One of the most common questions types on SAT Writing and ACT English is the subject-verb agreement question. These questions ask you to make sure that the subject and verb agree. The rule is that a singular subject takes a singular verb, and a plural verb takes a plural subject. For example:
The boy is hungry. --> Singular subject (‘boy’), singular verb (‘is’).
The boys are hungry. – > Plural subject (‘boys’), plural verb (‘are’).
Easy enough, right? That’s why the SAT and ACT have devised three ways to trick you on these questions. Here they are:
1. Placing a prepositional phrase between the subject and verb. Anytime you see a prepositional phrase placed between the subject and verb, think subject-verb agreement. The actual subject of the sentence is not the noun in the prepositional phrase – it’s the noun that the prepositional phrase is describing. Here’s what this looks like:
The boy in the bright red shoes seems cool. – > The test makers want you to think the subject of the sentence is ‘shoes,’ the noun in the prepositional phrase. But the subject will never be the noun in the prepositional phrase. Who seems cool? The boy. If you thought the subject was ‘shoes’ you would have changed ‘seems’ to the plural ‘seem,’ which is exactly what most test takers mistakenly do.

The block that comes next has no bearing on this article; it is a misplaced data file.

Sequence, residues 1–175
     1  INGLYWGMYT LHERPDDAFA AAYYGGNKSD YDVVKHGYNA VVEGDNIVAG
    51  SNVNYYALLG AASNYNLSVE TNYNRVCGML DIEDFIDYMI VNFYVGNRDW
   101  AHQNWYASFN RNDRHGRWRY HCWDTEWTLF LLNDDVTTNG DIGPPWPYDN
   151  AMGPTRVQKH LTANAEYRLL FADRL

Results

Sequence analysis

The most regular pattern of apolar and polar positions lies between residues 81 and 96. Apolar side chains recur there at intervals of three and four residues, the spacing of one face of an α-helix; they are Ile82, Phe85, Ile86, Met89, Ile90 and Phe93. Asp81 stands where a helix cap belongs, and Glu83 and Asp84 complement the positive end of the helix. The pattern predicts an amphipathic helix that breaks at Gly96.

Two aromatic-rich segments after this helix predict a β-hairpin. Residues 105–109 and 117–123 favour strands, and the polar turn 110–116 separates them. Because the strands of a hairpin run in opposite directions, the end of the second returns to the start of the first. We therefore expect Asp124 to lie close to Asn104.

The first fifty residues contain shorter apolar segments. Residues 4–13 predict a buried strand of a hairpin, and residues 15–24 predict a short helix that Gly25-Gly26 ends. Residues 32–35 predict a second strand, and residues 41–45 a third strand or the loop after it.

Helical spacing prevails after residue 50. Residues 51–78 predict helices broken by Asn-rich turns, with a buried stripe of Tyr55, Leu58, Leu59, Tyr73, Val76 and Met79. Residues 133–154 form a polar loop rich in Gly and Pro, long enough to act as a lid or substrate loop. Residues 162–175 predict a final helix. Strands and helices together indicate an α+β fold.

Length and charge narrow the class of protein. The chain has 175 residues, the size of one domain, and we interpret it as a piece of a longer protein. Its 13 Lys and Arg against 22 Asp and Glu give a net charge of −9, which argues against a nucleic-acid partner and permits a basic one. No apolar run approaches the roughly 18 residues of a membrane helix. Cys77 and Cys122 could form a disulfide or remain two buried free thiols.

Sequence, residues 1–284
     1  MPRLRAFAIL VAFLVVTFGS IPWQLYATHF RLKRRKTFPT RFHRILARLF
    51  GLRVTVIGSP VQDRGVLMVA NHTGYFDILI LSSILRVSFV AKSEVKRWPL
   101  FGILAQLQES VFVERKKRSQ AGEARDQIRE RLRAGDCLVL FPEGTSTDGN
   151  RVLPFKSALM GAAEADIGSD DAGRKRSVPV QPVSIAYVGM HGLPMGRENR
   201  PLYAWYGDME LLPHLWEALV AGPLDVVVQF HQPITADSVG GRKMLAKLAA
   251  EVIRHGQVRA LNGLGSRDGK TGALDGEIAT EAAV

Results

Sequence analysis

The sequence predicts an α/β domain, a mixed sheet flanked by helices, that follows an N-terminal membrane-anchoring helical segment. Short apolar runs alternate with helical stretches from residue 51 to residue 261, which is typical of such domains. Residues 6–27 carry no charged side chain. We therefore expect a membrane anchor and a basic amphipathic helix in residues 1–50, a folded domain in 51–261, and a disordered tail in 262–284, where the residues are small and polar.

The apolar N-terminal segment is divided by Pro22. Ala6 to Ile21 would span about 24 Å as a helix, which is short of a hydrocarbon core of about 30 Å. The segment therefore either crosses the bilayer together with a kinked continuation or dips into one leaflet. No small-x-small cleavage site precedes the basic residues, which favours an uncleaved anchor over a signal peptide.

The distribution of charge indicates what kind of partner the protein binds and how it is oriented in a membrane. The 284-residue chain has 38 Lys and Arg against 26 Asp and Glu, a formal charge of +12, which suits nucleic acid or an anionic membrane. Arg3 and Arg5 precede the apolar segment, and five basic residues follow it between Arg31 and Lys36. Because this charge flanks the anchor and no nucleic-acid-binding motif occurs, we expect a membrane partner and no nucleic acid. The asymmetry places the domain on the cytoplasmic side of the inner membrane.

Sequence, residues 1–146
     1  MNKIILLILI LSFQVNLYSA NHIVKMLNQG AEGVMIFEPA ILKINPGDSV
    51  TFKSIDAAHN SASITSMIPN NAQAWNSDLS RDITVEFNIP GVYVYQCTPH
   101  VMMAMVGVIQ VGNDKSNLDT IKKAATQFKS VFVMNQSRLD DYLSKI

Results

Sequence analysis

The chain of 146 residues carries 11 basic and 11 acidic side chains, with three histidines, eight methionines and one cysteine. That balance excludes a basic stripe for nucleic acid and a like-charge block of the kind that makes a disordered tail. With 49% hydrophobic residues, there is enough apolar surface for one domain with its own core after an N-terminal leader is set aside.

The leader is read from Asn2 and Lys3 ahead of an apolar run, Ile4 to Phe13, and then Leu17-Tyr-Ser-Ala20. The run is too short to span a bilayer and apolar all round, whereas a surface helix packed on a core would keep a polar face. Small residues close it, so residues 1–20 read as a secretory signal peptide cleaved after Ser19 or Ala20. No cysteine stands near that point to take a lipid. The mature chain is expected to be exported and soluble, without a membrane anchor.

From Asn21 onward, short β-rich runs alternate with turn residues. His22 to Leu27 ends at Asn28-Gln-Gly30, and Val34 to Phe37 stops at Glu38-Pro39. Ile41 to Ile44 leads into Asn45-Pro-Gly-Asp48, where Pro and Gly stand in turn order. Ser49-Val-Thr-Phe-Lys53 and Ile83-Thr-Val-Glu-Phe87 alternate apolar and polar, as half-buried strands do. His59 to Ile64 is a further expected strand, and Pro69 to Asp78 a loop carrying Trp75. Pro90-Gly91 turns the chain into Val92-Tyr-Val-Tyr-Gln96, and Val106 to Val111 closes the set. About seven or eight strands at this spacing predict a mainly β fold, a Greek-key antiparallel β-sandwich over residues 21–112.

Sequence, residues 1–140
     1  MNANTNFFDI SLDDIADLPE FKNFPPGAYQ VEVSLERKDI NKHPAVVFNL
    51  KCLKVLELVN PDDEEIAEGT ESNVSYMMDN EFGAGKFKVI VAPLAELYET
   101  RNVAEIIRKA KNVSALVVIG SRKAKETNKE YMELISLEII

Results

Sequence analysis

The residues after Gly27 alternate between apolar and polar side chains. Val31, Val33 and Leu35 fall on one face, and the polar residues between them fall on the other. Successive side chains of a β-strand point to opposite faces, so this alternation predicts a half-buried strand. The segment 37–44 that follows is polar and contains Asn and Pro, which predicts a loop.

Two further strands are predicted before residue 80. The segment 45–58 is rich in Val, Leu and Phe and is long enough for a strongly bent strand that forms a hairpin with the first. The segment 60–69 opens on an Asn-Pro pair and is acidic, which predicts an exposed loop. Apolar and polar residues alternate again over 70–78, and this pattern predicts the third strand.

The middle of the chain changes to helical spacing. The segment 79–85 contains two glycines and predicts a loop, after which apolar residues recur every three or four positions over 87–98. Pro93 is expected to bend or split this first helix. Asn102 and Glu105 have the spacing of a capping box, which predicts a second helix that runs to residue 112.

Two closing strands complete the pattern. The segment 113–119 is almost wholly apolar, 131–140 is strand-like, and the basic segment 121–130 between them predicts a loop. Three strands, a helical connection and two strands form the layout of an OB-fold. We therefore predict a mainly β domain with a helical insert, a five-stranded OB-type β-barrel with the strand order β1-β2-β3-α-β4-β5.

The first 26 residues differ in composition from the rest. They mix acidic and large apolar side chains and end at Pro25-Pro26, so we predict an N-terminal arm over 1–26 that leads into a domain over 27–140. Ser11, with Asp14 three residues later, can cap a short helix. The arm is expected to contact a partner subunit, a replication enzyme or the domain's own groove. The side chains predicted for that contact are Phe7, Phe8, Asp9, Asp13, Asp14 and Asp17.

2. Placing a non-essential clause between the subject and verb. If you see a non-essential clause (i.e. phrase that modifies the noun and is offset by two commas) between the subject and verb, think subject-verb agreement. Just like in a prepositional phrase, the noun in a non-essential clause is not the subject of the sentence. The clause merely describes the subject. For example:
The coloring book, which has many pages, is large. – > Many students would choose ‘are’ instead of ‘is’ for the verb here. This is incorrect, however, because the subject of the sentence is the book, not the pages. “Which has many pages” is simply a non-essential clause describing the subject ‘book.’ What’s large? The book, not the pages.
3. Placing the subject after the verb. In English, the subject usually comes before the verb. By reversing this and then placing a singular noun that is not the subject before the verb, the test makers trap you into choosing the wrong verb. Here’s an example:
Inside the house stand many doors. – > Here the subject is not ‘house,’ but the plural ‘doors,’ which takes the plural verb ‘stand.’ ‘Inside the house’ is a prepositional phrase describing the doors. Many students would miss this question by choosing the singular ‘stands’ for the verb because the verb is preceded by the singular noun house. Always ask yourself what is performing the action of the verb. Does the house stand or the do the doors stand? Here, the “doors stand (inside the house).”
Whenever you see a question testing subject-verb agreement, be on the lookout for these three traps. If there is a prepositional phrase or non-essential clause standing between the subject and verb, you can simply cross it out with your pencil in order to more clearly see how the subject and verb relate. Additionally, always ask yourself what noun is performing the action of the sentence. Never assume that the noun closest to the verb is the subject of the sentence!